For over 30 years, Dwight Smith has been a dedicated artist who has established a career nationally and internationally. In his work Smith presents four very different and distinct themes: abstract imagery, landscapes, textiles and mask-like forms. He investigates artistic exploration and examines issues of spirituality through the use of Adinkra symbols found in the Akan culture of West Africa.
In 1985 he exhibited work in a group exhibition in Dakar Senegal and in 1996 several of his works toured North Africa in a group exhibition for USIA. In 1999, he received critical acclaim for his solo exhibition, Peintures (Paintings) held at the L’Escalier Gallery in Aurillac, France. Prior to his success abroad, Smith’s works were presented exhibitions and galleries for audiences in Michigan, Georgia, Indiana, Illinois, Virginia, New York, and other states. In Fayetteville his work could be seen at the Art & Soul Gallery and The Green Light Gallery.
In February his works could be seen at the 2008 National Black Fine Art Show at The Puck Building, SoHo, New York City. He is currently showing in a group exhibition entitled "Detroit: Contemporary Works on Paper", which is part of the American Cities Series at the Brandywine Workshop Center for the Visual Arts in Philadelphia, PA. His work is being shown in several traveling group exhibitions developed by the National Conference of Artists Michigan Chapter which were exhibited at the Fayetteville Museum of Art. His works were also exhibited at the museums’ Gallery 208 earlier this year.
Before moving to Fayetteville, he was formerly employed as an art director, graphic designer and corporate archivist for a large insurance company. Smith has also worked as a guest curator and arts consultant on projects for many cultural institutions in the Detroit area. His extensive arts background has resulted in a number of accolades, honors and awards, and the inclusion of his works in numerous public and private collections.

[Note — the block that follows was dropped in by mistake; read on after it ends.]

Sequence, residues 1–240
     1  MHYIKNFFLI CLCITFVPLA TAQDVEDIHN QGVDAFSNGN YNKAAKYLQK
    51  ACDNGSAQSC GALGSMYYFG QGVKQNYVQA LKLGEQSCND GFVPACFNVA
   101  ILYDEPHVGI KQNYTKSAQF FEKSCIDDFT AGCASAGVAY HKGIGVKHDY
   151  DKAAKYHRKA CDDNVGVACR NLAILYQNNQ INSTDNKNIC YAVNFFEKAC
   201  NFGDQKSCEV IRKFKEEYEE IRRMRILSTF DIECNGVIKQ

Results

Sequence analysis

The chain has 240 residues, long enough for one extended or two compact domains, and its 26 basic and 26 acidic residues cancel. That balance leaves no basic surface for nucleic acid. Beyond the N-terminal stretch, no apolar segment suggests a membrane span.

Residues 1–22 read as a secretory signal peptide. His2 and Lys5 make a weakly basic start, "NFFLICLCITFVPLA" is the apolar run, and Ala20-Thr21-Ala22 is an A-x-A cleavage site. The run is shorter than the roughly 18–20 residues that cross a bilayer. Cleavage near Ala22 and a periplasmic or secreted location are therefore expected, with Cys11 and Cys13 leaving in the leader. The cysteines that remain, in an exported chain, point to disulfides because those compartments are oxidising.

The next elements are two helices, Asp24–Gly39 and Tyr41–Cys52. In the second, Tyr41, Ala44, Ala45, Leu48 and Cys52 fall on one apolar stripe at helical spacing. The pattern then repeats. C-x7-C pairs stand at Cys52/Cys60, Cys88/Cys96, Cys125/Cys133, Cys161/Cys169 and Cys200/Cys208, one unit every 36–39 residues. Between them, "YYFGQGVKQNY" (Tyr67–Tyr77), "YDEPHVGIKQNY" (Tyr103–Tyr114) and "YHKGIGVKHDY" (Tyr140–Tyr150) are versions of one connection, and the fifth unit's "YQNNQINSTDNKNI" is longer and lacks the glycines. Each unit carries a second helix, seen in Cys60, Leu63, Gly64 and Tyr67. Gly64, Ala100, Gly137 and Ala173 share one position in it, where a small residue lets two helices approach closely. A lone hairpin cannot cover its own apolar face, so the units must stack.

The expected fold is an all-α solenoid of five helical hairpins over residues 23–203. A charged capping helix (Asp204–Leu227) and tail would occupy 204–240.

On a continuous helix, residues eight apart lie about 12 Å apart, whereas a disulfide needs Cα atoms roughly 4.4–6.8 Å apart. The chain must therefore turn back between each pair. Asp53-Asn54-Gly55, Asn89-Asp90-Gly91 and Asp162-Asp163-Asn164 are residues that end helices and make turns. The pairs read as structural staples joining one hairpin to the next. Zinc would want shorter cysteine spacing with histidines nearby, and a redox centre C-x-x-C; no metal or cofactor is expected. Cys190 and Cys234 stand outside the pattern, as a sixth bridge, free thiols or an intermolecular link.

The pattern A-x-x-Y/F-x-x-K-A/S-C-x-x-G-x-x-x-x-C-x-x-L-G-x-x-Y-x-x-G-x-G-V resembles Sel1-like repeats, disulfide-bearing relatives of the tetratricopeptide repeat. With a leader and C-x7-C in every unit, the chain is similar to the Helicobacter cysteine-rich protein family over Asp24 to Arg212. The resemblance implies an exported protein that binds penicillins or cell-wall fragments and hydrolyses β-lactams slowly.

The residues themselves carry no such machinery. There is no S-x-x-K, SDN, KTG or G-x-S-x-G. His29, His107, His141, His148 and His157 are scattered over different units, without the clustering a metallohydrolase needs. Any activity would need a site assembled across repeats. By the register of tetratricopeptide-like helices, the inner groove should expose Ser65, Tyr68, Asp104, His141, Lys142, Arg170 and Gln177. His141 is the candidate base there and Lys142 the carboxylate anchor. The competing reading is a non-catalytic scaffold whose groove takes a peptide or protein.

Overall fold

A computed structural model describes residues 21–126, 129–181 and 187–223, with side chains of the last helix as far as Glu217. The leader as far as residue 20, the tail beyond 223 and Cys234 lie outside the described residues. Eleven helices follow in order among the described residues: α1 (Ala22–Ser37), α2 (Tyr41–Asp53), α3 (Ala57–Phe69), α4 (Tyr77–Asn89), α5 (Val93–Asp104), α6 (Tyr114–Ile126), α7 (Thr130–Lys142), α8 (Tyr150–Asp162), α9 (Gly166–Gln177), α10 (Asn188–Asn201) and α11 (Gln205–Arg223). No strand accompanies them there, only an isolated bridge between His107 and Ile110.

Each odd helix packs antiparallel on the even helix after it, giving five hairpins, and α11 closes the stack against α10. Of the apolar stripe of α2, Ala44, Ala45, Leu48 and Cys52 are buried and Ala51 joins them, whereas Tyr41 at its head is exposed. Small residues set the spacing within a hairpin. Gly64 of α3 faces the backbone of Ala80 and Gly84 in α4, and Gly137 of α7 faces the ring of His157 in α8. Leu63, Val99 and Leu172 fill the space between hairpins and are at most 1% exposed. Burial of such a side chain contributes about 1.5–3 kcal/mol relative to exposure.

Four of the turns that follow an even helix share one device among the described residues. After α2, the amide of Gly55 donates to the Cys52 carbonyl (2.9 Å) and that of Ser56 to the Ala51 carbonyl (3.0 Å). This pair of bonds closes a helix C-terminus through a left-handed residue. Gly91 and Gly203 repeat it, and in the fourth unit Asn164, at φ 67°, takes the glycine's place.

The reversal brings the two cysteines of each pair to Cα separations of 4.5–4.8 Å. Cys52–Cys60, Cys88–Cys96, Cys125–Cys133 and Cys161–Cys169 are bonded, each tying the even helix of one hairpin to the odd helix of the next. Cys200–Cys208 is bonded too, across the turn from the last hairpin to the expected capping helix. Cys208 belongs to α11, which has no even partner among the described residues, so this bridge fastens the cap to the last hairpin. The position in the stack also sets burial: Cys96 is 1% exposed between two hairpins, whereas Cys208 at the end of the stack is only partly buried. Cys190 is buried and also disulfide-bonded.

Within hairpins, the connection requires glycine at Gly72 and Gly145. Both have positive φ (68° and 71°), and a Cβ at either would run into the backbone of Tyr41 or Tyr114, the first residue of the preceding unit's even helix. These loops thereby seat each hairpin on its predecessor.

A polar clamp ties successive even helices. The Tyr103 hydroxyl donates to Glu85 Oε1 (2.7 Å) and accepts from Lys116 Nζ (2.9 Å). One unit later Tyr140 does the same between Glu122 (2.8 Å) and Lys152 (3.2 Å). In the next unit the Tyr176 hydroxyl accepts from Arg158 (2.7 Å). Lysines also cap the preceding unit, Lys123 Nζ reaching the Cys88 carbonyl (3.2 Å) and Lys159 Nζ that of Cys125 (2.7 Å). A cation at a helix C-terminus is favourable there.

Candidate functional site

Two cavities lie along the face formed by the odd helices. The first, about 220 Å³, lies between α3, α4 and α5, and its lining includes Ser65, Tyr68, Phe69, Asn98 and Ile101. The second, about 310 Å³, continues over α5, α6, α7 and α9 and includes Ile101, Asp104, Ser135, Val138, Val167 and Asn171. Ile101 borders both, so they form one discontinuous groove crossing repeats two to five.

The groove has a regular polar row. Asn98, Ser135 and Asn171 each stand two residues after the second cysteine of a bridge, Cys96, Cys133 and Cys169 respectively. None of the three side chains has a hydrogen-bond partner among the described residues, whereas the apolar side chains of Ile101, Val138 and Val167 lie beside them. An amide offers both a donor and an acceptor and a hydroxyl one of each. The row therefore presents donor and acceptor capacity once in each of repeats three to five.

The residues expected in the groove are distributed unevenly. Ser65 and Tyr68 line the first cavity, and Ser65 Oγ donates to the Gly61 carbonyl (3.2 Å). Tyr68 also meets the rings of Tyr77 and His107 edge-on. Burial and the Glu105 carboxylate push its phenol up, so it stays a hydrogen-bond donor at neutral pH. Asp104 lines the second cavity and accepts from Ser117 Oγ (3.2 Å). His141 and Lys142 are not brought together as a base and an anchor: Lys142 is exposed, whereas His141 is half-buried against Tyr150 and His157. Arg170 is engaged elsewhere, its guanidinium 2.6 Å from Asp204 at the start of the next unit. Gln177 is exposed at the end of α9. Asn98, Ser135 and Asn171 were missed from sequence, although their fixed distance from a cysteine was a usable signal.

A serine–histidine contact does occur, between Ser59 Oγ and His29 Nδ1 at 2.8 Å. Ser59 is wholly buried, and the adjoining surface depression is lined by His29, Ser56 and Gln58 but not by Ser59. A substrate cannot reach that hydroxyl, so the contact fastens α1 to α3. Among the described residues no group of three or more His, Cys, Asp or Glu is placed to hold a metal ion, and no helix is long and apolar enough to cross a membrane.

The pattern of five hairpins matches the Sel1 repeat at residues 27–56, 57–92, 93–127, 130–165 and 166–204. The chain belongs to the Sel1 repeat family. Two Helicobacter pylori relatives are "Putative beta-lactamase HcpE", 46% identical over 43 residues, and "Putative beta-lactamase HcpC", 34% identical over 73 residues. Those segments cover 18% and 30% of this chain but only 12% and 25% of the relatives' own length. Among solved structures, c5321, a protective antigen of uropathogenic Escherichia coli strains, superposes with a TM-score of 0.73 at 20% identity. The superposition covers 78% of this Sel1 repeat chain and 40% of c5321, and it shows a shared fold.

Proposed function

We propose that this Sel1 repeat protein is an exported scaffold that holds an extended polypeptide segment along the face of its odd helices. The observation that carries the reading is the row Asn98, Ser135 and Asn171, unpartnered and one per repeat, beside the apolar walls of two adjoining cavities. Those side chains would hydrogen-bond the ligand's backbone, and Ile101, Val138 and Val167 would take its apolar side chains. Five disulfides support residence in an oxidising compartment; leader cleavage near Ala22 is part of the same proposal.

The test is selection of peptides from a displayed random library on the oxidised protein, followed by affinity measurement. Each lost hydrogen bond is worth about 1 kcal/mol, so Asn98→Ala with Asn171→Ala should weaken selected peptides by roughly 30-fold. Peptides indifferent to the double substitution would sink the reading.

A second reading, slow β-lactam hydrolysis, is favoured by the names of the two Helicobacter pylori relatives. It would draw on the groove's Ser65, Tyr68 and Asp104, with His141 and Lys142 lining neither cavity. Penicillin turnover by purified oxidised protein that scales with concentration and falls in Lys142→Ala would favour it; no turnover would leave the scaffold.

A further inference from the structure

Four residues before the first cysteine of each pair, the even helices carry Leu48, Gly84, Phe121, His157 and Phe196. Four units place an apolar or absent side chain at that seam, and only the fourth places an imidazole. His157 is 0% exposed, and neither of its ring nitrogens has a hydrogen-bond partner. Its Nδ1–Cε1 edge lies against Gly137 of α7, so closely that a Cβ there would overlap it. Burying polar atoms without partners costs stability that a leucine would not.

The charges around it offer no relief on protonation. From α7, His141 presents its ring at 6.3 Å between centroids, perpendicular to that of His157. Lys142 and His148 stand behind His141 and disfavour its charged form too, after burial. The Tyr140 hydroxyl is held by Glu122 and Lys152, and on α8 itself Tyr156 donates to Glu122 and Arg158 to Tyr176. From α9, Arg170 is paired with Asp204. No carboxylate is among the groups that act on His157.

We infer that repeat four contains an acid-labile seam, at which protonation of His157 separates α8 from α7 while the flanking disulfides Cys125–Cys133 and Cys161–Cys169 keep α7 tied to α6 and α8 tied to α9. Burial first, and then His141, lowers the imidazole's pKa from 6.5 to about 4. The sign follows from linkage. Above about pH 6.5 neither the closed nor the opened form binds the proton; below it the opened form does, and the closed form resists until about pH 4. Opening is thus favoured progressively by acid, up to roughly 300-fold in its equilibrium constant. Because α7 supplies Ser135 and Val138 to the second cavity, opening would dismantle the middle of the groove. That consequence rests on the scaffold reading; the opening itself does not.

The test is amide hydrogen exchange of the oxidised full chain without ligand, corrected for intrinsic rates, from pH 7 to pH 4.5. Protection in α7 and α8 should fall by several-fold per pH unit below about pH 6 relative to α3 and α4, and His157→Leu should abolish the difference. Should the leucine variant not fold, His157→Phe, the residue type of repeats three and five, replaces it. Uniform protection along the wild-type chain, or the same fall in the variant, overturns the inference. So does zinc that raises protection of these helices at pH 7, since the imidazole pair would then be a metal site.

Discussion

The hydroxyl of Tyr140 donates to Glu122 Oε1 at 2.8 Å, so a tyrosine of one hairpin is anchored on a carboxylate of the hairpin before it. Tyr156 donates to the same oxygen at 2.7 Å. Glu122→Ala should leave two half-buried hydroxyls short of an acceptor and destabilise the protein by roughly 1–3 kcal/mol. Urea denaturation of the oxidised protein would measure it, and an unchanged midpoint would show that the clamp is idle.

Smith is a member of the National Conference of Artists (NCA) a national organization of African American artists, art educators, curators and historians. Smith has held positions with NCA as the national president, president of the Michigan Chapter and Board member of that Chapter. He is also a member of the Fayetteville Arts Guild.
Office: Rosenthal Building, Room 103a
Since the late 1980’s, I have been creating artwork thematically described as Ancestral Reflections or Ancestral Dialogues. The works are personal reflections about family history, social interactions and sometime a political statement or two. My works, while adhering to philosophical and stylistic tenets of abstract expressionism, significantly draw inspiration from elements of design visible in African masks, multistrip textiles, shields, body cicatrizations, ideograms, and other material manifestations of African folkways. I am fond of using the Adinkra symbols… which are a visual language from Ghana and each of the symbols has a positive message…. Such inspirational sources have become metaphors for my rich cultural heritage and the catalysts for my art making processes.
In making art, I always enjoy working in a variety of mediums; meaning acrylic, oil, watercolor and collage techniques. I like listening to my inner soul and the visual responses that are evoked in and through the compositions being created, and following the paths to where they will lead me. This is always exciting and very challenging.
My newer works are revealing a quest or focus that is part of an intergenerational pursuit of creative ideas, thoughts and observations, ways of seeing spatial realities, color and light. Many works are celebrations of life or tributes to artists I currently know or have been fortunate enough to meet. Others will comprise certain social realities concerning the world of African American Art Histories and other global perspectives.
Selected Public Collections: